I would like to thank all the Officers and Deputies for being there and for informing me of any problems that came up during the year. You are the eyes and ears of the State Grange.

The Board of Directors are always watching out for the best interests of our Connecticut State Grange. Sometimes, some hard decisions have to be made and I think we have the right members to make those difficult decisions. One of the most difficult decisions they had to make this year, was the closing of Camp Berger. The Camp was discussed at several meetings before the decision was made.

It was an honor to work with this Board of Directors, especially the Treasurer and Secretary. Jody has put a lot of time into trying to sell three Grange buildings, working with real estate agents and showing the property to prospective buyers. Todd, besides doing the daily Secretary work, put together the Northeast Leader’s Conference and in his spare time he moved the Grange office from Glastonbury to Winchester. I thank both of them for all their time and effort to get these jobs done.


As my first year as Connecticut State Grange Master comes to    a close, I can look back and reflect on the positive memories of last year. Sharon and I had the honor to travel to Lyme Grange to present Arthur Skip Beebe with his Outstanding Firefighter trophy. We also  traveled to several Granges to present 50 year pins and Citizen of the Year awards.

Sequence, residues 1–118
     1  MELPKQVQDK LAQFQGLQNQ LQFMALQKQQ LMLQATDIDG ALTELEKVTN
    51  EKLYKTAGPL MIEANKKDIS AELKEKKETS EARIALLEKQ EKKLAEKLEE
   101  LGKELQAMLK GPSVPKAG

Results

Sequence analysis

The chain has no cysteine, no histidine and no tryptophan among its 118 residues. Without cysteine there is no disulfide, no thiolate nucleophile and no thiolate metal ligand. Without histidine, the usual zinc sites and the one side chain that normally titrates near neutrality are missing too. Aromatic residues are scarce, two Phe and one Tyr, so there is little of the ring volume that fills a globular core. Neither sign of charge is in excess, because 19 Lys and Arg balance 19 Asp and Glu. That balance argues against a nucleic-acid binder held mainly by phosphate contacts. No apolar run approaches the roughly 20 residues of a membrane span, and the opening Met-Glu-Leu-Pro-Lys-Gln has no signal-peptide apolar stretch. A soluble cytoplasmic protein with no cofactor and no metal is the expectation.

The hardest thing to do as a State Master is to pick up a Charter from a Grange that has decided to close. We had four Granges that closed this past year, and two more that are discussing closure. Most of these Granges are over 100 years old and it’s sad to see them go.

The New England Grange Building at the Big E had another good year. 1.6 million people attended the 17 day fair from September  17 to September 29. Sunday, September 22 was Grange Sunday. Brother Noel Miller brought his truck and trailer for the float in the parade. It was nice to see so many Grange members from Connecticut participating in the parade. As I come to the close of this President’s Address, I would like to thank all of the Grangers in Connecticut for having the confidence in me to be your State Master.

Respectfully submitted,

George Russell

State Master